Although the causes are many and varied, we know that people with eating disorders often use food and the control of food in an attempt to compensate for feelings and emotions that may otherwise seem overwhelming. For some, dieting, bingeing and purging may begin as a way to cope with painful emotions and a way to feel in control of one's life, but ultimately, these behaviors will damage a person's physical and emotional health, self-esteem and sense of competence and control.
Psychological factors that can contribute to eating disorders include:
- Low self-esteem.
- Feelings of inadequacy or lack of control in life.
- Depression, anxiety, anger or loneliness.
- A quest for perfection.
Interpersonal factors that can contribute to eating disorders include:
- Troubled family and personal relationships.
- Difficulty expressing emotions and feelings.
- A history of being teased or ridiculed based on size, weight or appearance.
- A history of physical or sexual abuse.
- A history of being lauded based on size, weight or appearance.
Social factors that many feel may contribute to eating disorders include:
- Cultural pressures that glorify thinness and place value on obtaining the "perfect body."
- Narrow definitions of beauty that include only women and men of specific body weights and shapes.
- Cultural norms that value people on the basis of physical appearance, and not inner qualities and strengths.
Scientists are still researching possible biochemical or biological causes of eating disorders. In some individuals with eating disorders, certain chemicals in the brain that control hunger, appetite and digestion have been found to be imbalanced. The exact meaning and implications of these imbalances remain under investigation.
Eating disorders are complex conditions that can arise from a variety of potential causes: physical, emotional, social and familial issues. Once started, they can create a self-perpetuating cycle of physical and emotional destruction. All eating disorders require professional help. All causes need to be addressed for effective prevention and treatment. The earlier an eating disorder is discovered and addressed, the better the chance for recovery.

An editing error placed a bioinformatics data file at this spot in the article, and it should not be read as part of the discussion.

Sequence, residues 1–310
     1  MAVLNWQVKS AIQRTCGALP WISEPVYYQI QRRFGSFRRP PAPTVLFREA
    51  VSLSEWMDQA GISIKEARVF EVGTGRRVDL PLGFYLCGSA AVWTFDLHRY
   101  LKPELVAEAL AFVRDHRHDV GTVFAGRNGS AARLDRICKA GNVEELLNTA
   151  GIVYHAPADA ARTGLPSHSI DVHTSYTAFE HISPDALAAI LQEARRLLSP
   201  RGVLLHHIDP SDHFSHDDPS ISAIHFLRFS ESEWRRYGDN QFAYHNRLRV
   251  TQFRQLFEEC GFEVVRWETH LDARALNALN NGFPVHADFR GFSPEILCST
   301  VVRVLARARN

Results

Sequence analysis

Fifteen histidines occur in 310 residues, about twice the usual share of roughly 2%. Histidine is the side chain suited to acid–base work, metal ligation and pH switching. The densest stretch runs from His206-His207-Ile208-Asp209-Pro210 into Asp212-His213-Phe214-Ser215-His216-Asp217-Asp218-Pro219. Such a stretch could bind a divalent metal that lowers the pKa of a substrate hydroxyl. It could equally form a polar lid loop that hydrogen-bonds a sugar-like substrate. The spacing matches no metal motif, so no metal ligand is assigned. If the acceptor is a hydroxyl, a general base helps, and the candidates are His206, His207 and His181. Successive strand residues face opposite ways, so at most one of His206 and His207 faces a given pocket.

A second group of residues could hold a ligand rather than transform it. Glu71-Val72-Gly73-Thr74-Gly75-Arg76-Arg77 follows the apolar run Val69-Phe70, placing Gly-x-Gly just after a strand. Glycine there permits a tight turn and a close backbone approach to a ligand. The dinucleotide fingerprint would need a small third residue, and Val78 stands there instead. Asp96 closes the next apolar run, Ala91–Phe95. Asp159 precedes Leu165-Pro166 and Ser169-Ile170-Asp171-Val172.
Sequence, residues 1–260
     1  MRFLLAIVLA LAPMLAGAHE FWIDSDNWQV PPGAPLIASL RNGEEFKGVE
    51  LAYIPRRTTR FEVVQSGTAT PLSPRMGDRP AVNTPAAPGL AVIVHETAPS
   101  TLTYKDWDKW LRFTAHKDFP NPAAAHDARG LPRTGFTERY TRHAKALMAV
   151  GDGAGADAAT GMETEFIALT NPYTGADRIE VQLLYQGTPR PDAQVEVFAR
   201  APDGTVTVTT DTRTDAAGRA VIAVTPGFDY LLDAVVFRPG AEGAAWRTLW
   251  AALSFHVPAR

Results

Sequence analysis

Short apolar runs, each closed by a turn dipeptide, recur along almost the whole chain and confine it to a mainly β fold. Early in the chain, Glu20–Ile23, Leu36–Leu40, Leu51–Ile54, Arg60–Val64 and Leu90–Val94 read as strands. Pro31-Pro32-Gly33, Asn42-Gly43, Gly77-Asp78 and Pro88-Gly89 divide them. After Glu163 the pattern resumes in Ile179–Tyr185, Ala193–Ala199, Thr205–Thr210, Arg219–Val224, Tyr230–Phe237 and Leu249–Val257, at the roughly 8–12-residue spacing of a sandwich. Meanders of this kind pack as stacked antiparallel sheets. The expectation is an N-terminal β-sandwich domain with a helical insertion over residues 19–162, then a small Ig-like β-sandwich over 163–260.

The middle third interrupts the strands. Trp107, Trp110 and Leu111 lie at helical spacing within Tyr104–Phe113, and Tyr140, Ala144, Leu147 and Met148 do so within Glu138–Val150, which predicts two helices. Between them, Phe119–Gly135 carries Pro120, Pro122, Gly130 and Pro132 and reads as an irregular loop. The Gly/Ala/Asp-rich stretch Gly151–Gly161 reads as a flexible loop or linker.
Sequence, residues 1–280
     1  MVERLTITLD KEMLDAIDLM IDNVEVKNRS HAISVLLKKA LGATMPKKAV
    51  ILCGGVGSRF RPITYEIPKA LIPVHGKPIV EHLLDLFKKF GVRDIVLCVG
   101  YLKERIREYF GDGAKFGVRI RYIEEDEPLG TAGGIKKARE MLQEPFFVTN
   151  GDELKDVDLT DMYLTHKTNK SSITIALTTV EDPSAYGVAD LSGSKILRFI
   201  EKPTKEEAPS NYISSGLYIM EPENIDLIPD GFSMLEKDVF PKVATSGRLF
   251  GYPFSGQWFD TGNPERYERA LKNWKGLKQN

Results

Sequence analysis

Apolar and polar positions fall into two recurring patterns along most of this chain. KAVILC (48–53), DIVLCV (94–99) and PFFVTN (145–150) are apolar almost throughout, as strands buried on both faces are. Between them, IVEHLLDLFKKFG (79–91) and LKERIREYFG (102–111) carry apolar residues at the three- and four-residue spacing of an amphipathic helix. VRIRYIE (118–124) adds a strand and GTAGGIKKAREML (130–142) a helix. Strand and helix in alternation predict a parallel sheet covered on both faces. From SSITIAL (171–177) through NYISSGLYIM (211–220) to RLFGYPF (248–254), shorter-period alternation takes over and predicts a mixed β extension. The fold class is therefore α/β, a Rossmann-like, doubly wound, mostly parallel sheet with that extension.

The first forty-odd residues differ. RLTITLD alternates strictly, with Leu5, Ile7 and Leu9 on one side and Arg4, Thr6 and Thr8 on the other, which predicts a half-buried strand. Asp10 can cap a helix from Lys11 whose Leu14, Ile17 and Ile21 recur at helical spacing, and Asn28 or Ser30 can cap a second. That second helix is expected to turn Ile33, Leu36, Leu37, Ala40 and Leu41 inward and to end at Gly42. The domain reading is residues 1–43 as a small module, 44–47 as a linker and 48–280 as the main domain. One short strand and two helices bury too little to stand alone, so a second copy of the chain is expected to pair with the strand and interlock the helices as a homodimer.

The cultural context for eating disorders
1. Eating disorders are serious and complex problems. We need to be careful to avoid thinking of them in simplistic terms like, "anorexia is just a plea for attention" or "bulimia is just an addiction to food." Eating disorders arise from a variety of physical, emotional, social and family issues, all of which need to be addressed for effective prevention and treatment.
2. Eating disorders are not just a "woman's problem" or "something for girls." Males who are preoccupied with shape and weight can also develop eating disorders, as well as dangerous shape-control practices such as steroid use. In addition, males play an important role in prevention. The objectification and other forms of mistreatment of women by others contribute directly to three underlying features of an eating disorder: obsession with appearance, shame about one's body and low self esteem.
3. Whenever possible, educational programs for schools, community organizations and the like should be coordinated with opportunities for the participants to speak confidentially with a trained professional with expertise in the field of eating disorders and, when appropriate, receive referrals to sources of competent, specialized care.
Prevention efforts will fail, or worse, inadvertently encourage disordered eating, if they concentrate solely on warning the public about the signs, symptoms and dangers of eating disorders. Effective education programs must also address:
- Our cultural obsession with slenderness as a physical, psychological and moral issue.
- The roles of women and men in our society.
- The development of an individual's self-esteem and self-respect in a variety of areas (school, work, community service, hobbies, creative activities, athletics, etc.) that transcend physical appearance.